JOINT BASE SAN ANTONIO, Texas --
The Christmas season can be the most joyous of times, but it can also be deadly.
Approximately 400 fires occur annually involving Christmas trees, according to the National Fire Protection Association, or NFPA, resulting in more than a dozen deaths, injuries and more than $10 million in property loss and damage.
Short-circuiting tree lights are cited as the leading cause, while more than a third of home fires are started by candles. Joint Base San Antonio-Fire Emergency Services and NFPA offer a variety of safety tips for a safe holiday season.
Picking the tree
· Choose a tree with fresh, green needles that don’t fall off when touched.
Placing the tree
· Before placing the tree in the stand, cut two inches from the base of the trunk.
· Make sure the tree is at least three feet away from any heat source, like fireplaces, radiators, candles, heat vents or lights.
· Make sure the tree is not blocking an exit.
· Add water to the tree stand. Be sure to add water daily.
Lighting the tree
· Use lights that are listed by a qualified testing laboratory. Some lights are only for indoor or outdoor use.
· Replace any string of lights with worn or broken cords or loose bulb connections. Read the manufacturer’s instructions for number of light strands to connect.
· Never use lit candles to decorate the tree.
· Always turn off Christmas tree lights before leaving home or going to bed.
· Nearly one of every three home Christmas tree fires are caused by electrical problems.
· Although Christmas tree fires are not common, when they do occur, they are more likely to be serious.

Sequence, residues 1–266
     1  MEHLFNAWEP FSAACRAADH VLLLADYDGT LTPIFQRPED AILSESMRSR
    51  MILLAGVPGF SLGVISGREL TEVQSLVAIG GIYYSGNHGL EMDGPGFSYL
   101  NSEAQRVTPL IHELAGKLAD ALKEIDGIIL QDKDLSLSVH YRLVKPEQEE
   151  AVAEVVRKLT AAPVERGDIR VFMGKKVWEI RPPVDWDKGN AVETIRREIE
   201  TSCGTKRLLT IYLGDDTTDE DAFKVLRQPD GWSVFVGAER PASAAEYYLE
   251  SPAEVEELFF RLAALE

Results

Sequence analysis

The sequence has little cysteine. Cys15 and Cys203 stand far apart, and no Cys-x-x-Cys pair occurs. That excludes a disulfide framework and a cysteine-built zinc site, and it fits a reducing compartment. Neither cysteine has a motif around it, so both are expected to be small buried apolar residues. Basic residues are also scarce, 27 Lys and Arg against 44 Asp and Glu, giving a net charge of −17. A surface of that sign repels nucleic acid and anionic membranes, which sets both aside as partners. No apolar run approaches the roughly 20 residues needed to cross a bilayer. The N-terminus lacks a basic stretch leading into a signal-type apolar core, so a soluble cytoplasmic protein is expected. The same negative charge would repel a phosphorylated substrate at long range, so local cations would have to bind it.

· A heat source too close to the tree causes roughly one in every four of the fires.
· More than a third of home decorations fires started by candles.
· Forty two percent of decoration fires happen because decorations are placed too close to a heat source.
· Be careful with holiday decorations. Choose decorations that are flame resistant or flame retardant.
· Keep lit candles away from decorations and other things that can burn.
· Some lights are only for indoor or outdoor use, but not both.
· Replace any string of lights with worn or broken cords or loose bulb connections. Read manufacturer’s instructions for number of light strands to connect.
· Use clips, not nails, to hang lights so the cords do not get damaged.
· Keep decorations away from windows and doors.
· Test your smoke alarms and tell guests about your home fire escape plan.
· Keep children and pets away from lit candles.
· Keep matches and lighters up high in a locked cabinet.
· Stay in the kitchen when cooking on the stovetop.
· Ask smokers to smoke outside. Remind smokers to keep their smoking materials with them so young children do not touch them.
· Provide large, deep ashtrays for smokers. Wet cigarette butts with water before discarding.
Before heading out or to bed
· Blow out lit candles when you leave the room or go to bed.
· Turn off all light strings and decorations before leaving home or going to bed.
· Get rid of the tree after Christmas or when it is dry. Dried-out trees are a fire danger and should not be left in the home or garage, or placed outside against the home.
· Check with your local community to find a recycling program.
· Bring outdoor electrical lights inside after the holidays to prevent hazards and make them last longer.
For more information about winter holiday safety, visit the National Fire Prevention Association website at http://www.nfpa.org/education.